Your Time or Your Word?

ConfusionHave you ever said you would take care of a problem, knowing you weren’t going to do anything about it?  Maybe it’s just one customer complaint out of thousands of customers.  Does it really matter if you say you will fix it to make the customer happy and then let it drop?  Yes it does for several reasons.  First, your word is now questionable because you didn’t follow through on it.  Secondly, that customer may give your organization a second chance and when they find no change, the word of the entire organization has lost its meaning.

About two weeks after I transferred from one factory to another I was called to address some concerns and questions from our field service representatives.  One, Pierre, was really angry with the quality of several products coming out of that factory.  Unfortunately, this was the first I heard about it, so all I could do was say I would check into it and find a solution.  Pierre basically said my word was worthless because my predecessor had said that for years and nothing had changed.  Why should he believe me?  Now I’m really on the spot, what can I say as he had been let down more than once by this factory?  He was right to be mad.  I acknowledged his frustration and gave him my word it would be addressed immediately.  He still wasn’t buying it.  Fortunately for me there was a rep in room that I had worked with several times to fix problems while I was at the previous factory.  I knew Mike had been satisfied more than once with my efforts so I asked him to vouch for me.  He did and Pierre gave me a short window to address his concerns.  I found the issue that was causing his concern and changed the process to improve the quality.  The people performing the process had never heard of the issue; they weren’t thrilled with the change however they were willing to do what was needed to improve the quality of their work.  It put the problem to bed once and for all.  Our field service folks were much happier with the quality from the factory as were the end customers.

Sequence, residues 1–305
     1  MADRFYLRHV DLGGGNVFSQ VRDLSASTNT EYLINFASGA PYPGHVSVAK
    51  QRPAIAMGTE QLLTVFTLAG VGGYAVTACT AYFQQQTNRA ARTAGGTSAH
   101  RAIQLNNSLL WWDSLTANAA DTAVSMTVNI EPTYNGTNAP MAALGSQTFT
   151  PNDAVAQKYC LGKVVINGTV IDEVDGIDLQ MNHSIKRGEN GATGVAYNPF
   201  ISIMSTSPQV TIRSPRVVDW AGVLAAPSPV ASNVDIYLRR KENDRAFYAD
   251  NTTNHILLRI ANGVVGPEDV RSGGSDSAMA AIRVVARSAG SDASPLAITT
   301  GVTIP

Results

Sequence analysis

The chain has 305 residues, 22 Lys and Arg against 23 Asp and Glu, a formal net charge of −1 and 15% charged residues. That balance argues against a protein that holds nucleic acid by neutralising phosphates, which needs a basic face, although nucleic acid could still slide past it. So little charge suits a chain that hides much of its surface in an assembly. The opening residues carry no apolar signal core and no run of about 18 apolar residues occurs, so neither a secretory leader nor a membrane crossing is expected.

I can’t say for sure why my predecessor never really addressed the cause of the complaints but it really damaged the reputation of the factory with several field service representatives, dealers and end customers.  The time it took to address the quality issue was about a week total, investigating the cause, determining the best solution, communicating the change and then monitoring it.  Inside of a month it became a non-issue for production.  Yet it had festered with our customers for about three years and it took another year for them to really believe we would live up to our word.  By promising a fix and not changing anything it cost three years of mistrust and a year of rebuilding for something that took a week to get implemented.  That’s a poor investment in time and effort.

Following through on a commitment to a customer or co-worker may take extra time and effort on your part, but it is far less than it takes to fix the damage caused by dropping the ball.  Once people feel they cannot trust you to come through for them it will be very difficult to convince them to trust you.  People will give you the benefit of the doubt the first time, after that it is based on your past performance.  Skipping the follow up means your word is worth less than it was before and you may be bringing down everyone around you in the eyes of the customer.